American Culture (And Kansas City) Through The Eyes Of An Irish Comedian
Irish comedian ColmO'Regan might have something to say about your mama. Rather, his Irish mammy might.
The comedian, who is in Kansas City for a stand up show Friday, achieved accidental Twitter fame while preparing for a comedy web-sketch.
"I wanted to make it look like an Irish mother, maybe 60 years or so, had a Twitter account — this was back in 2011 when Twitter wasn't as ever present as it is now," he says.
He started Tweeting ordinary things an Irish mother might say. For example:
Now! That's the cake done. Who wants to lick the wooden spoon?— Wash your hands and DON'T cmere to me (@irishmammies) November 27, 2014
I must put out a bucket in that rain. We'll get one flush out of it anyway since tis free.— Wash your hands and DON'T cmere to me (@irishmammies) October 3, 2014
"It swiftly became more popular than me as a real person," O'Regan says.
Eventually @IrishMammies became a book, which was a bestseller in Ireland. Two books later, he's touring the United States just in time for St. Patrick's Day.
This is O'Regan's first time to Kansas City. Though it's not quite as green as his homeland, he says he has enjoyed the arrival of spring to our city.
"I was actually surprised to see so many Irish flags ... going through an American city and against a very American backdrop, seeing the Irish flag, it does strike a chord and so I can really see that this is a place that does its St. Patrick's Day quite seriously, and I think it's one of the biggest parades outside of Ireland," he said.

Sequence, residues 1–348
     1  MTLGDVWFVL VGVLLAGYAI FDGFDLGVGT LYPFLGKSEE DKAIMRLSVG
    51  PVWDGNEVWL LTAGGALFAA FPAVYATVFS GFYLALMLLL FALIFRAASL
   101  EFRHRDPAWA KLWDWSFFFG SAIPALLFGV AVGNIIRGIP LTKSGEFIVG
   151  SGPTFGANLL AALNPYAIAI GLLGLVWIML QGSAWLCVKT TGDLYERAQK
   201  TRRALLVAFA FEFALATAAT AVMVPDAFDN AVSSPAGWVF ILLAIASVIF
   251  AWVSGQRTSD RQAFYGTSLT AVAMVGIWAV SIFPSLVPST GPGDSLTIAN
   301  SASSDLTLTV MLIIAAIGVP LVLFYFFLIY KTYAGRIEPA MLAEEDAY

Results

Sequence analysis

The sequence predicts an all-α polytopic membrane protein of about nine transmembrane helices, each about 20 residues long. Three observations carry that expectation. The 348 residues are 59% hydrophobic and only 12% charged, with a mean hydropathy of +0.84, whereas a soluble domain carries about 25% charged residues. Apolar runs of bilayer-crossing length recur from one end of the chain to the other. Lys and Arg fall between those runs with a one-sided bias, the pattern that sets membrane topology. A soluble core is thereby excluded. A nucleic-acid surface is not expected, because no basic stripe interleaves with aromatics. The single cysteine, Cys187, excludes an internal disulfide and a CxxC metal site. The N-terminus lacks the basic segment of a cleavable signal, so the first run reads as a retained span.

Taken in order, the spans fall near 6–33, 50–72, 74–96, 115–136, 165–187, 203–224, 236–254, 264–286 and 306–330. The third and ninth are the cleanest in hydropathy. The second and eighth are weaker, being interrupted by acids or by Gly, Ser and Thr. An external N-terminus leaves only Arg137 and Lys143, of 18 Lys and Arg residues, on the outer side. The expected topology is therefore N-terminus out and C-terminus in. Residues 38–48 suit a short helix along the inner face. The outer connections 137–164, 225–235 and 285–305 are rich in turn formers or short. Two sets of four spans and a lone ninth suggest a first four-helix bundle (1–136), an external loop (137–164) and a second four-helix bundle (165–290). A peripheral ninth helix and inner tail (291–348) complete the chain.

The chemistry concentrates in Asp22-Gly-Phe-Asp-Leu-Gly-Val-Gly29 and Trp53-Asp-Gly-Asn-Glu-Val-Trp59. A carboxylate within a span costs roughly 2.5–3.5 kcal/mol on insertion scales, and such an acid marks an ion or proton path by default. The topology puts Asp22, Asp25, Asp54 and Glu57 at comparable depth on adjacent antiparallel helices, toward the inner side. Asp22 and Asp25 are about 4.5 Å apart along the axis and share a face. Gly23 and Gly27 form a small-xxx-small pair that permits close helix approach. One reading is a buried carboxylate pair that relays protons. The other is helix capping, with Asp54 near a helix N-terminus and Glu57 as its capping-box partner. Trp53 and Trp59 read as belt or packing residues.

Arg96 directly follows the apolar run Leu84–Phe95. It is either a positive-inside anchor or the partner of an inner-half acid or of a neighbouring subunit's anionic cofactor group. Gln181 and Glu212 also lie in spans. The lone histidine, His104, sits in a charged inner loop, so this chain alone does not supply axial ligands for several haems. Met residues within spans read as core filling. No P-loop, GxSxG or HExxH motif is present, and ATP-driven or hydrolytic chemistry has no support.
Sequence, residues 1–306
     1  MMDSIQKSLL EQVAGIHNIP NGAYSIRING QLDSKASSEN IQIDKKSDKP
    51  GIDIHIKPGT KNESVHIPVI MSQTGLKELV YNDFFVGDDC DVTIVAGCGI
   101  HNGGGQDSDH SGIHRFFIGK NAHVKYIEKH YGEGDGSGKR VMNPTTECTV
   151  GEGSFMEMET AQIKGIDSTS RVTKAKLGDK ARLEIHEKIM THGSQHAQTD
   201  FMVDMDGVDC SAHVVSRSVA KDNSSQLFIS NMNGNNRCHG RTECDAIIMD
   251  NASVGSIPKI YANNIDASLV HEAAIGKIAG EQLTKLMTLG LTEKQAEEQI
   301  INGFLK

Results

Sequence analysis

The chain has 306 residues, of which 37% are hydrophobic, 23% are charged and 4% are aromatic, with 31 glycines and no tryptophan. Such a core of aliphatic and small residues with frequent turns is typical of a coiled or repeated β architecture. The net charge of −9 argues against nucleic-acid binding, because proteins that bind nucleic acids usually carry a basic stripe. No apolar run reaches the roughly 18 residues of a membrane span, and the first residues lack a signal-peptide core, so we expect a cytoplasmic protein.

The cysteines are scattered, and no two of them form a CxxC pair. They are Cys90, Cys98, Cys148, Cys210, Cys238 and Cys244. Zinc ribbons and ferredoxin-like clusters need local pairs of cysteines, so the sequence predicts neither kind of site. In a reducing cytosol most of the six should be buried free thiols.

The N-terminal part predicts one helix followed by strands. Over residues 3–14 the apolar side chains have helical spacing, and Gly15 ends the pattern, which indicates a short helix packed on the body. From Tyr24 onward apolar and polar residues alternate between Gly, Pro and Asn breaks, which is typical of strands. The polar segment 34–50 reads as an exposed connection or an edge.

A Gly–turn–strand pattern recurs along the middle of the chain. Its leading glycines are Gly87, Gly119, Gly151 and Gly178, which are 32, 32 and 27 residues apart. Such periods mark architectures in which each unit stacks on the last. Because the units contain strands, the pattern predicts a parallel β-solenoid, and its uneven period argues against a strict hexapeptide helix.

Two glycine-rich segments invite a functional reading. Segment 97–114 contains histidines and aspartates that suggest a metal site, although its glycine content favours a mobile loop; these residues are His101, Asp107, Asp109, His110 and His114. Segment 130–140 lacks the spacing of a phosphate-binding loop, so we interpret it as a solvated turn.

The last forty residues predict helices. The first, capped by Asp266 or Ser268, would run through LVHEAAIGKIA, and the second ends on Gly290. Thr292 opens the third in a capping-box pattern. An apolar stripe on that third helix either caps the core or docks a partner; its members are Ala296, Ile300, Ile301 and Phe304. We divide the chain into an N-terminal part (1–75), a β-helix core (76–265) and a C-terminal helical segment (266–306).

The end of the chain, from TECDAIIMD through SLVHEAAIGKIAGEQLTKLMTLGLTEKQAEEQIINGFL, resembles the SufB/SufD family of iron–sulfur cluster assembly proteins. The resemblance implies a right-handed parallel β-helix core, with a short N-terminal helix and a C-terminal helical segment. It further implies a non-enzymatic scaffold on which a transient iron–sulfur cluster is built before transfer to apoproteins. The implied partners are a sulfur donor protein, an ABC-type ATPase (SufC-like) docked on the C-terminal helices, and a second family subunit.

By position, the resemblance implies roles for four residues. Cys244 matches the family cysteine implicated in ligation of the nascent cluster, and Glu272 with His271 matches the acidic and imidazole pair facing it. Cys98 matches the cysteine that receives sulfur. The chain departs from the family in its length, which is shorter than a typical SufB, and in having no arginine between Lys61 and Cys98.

His small village of Dripsey in County Cork has the record for the world's shortest St. Patrick's Day parade. It was 25 yards, from the door of one pub to the door of another across the street, until one of the bars closed during the recession.
This will be O'Regan's first time celebrating St. Patty's Day in the United States, and he hopes to find an authentic Irish pub where he can settle in for a beer. On the American interpretation of an Irish pub, versus the real thing, O'Regan says it all comes down to ambiance.
"I think what Irish pubs have patented is lighting, atmosphere, and comfortable, but that does not mean you have to have hi-diddly-igh music playing or spend thousands of dollars buying old stuff to put on the wall. It's about the lighting, it has to be dark, comfortable, and not too loud."
Colm O'Regan performs Friday at 7 p.m. at the KC Irish Center in the lower level of Union Station. Tickets are $10.
CORRECTION: On air, we incorrectly stated that the Kansas City Irish Center was in Crown Center. It is in the lower level of Union Station.